Local student participates in prestigious astrophysics program in New Mexico

Kavish Kondap
(Copyright of Kavish Kondap)

Even before he started competing on a robotics team in middle school, Kavish Kondap knew he wanted to pursue a career in engineering.

Kavish, going into his senior year at Francis Parker Upper School, said one of his first projects used machine learning to forecast whether Kickstarter online fundraising campaigns would be successful.

“It’s actually really hard to get something funded, so my first project was about using machine learning to predict whether or not a given project was going to succeed,” Kavish said. “And then immediately after that I fell in love with the idea of doing research.”

He said he also participated in research at UC Santa Barbara, predicting the orbits of asteroids and whether they would strike Earth.

Kavish’s latest foray into astrophysics was at the Summer Science Program in New Mexico, which ran for 39 days from mid June through July. The program, which started in 1959 and is operated by a nonprofit, brings together a little more than 30 students from around the world for “academic challenge, collaboration, and personal growth,” according to a news release.

The host sites include the New Mexico State University, University of Colorado Boulder, University of North Carolina Chapel Hill, Purdue University and Indiana University. In addition to astrophysics, the program also has biochemistry and genomics divisions. It is open to mostly high school juniors and some sophomores.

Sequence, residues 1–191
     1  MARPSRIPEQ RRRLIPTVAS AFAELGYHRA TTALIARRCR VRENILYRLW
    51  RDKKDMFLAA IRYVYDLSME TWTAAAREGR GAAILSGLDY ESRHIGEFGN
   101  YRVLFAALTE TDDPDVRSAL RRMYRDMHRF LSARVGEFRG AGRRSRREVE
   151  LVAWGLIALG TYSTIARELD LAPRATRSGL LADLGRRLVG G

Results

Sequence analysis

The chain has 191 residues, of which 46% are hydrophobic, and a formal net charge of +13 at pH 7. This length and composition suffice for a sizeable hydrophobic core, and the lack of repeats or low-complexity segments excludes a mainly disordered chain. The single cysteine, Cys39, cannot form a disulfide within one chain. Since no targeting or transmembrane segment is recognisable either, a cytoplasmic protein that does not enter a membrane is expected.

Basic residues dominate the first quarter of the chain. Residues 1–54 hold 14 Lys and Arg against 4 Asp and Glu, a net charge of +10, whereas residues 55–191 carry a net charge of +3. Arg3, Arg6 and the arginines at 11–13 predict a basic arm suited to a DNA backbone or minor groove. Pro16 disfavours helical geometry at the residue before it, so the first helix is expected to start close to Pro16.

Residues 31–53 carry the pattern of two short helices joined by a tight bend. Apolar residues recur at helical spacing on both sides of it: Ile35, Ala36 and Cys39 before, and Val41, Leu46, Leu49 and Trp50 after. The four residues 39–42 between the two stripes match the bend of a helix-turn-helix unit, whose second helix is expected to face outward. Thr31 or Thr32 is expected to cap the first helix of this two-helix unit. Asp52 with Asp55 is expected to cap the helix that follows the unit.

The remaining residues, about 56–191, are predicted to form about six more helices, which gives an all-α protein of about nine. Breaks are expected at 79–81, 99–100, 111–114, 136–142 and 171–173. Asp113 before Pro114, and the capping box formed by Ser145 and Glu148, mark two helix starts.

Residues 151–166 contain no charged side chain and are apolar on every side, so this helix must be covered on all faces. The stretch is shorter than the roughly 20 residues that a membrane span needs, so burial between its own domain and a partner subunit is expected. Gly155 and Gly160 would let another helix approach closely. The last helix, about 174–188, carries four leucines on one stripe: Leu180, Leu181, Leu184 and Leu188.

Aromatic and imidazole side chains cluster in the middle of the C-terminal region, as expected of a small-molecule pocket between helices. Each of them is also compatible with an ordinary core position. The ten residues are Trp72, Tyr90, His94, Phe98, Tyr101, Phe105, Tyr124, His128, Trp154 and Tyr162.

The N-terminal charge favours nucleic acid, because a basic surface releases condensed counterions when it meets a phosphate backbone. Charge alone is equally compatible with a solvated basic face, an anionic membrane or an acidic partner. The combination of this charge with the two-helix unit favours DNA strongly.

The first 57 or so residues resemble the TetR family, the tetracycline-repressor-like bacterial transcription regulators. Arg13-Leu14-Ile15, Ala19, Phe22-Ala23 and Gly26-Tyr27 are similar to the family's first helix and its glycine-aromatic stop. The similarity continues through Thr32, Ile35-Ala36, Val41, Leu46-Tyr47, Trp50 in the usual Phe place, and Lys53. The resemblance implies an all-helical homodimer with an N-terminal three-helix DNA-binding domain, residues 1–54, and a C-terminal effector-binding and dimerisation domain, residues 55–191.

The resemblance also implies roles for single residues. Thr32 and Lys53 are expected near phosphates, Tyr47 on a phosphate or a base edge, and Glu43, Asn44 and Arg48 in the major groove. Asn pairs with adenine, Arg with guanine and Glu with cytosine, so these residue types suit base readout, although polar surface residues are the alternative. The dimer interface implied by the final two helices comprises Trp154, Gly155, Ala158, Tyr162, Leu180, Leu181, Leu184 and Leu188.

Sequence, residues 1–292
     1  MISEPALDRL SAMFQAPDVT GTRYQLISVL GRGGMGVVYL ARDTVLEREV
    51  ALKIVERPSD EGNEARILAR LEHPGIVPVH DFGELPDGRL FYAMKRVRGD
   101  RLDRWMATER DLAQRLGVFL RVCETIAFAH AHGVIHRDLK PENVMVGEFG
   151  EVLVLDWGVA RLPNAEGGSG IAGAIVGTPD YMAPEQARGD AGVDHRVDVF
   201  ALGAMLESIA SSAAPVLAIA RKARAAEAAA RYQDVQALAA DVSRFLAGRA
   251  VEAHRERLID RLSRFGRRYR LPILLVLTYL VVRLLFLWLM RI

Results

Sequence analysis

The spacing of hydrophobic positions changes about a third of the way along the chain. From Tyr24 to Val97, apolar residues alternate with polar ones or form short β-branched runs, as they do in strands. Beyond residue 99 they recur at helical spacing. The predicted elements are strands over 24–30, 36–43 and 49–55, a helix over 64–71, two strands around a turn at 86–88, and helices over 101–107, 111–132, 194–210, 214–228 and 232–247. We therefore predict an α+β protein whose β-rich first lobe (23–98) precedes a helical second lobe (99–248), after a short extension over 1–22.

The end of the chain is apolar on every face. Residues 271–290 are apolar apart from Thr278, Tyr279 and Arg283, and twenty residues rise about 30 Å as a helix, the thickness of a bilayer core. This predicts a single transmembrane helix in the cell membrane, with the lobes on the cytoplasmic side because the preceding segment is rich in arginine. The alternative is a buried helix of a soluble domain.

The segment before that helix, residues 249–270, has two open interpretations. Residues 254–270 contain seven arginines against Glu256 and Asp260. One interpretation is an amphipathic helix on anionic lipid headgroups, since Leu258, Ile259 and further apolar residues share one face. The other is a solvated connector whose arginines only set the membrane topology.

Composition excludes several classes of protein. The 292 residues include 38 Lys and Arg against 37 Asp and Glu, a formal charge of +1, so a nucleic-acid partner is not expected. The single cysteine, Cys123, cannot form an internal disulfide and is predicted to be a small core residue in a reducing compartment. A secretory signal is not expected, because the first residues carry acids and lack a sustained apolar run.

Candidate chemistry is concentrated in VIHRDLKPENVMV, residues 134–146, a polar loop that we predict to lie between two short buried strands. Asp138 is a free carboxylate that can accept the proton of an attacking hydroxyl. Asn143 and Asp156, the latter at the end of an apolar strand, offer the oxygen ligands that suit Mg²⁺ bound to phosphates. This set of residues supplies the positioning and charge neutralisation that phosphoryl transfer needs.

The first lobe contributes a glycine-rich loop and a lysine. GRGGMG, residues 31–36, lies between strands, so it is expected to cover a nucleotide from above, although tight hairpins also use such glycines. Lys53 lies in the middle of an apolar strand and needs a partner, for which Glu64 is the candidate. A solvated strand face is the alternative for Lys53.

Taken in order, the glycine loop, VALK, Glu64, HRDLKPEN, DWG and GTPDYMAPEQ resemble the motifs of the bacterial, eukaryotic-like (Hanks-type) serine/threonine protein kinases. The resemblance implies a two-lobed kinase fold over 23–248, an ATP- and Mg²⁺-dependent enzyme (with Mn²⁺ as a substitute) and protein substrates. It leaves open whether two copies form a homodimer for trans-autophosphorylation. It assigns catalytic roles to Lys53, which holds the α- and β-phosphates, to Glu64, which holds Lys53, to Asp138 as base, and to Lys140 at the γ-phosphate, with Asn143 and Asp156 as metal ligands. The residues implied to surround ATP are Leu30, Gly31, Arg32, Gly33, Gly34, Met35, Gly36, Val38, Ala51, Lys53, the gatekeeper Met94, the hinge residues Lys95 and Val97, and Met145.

Kavish said that the application process was similar to college admissions, with the program requiring a resume, transcript, test scores and letters of recommendation. His days started with a three-hour lecture in math or physics. Students were also given problem sets that encouraged collaboration due to their degree of difficulty.

“You were almost forced to work with other people, which I think was an incredible experience,” Kavish said.

He also spent late nights from 1-3 a.m. observing an asteroid for the program’s research component, with the next day’s lecture starting at 9 a.m.

“It was a lot of work, but at the same time we were around other people who all had the same interests, who were all here to learn,” Kavish said. “So it was a really great experience.”

He added that he wants to major in mechanical engineering in college with a minor in computer science and astrophysics.

“And then my ultimate goal is to work at either NASA or SpaceX as an engineer to build rovers that go to other planets,” Kavish said. “That would be the dream job, I’d really love to do that one day.”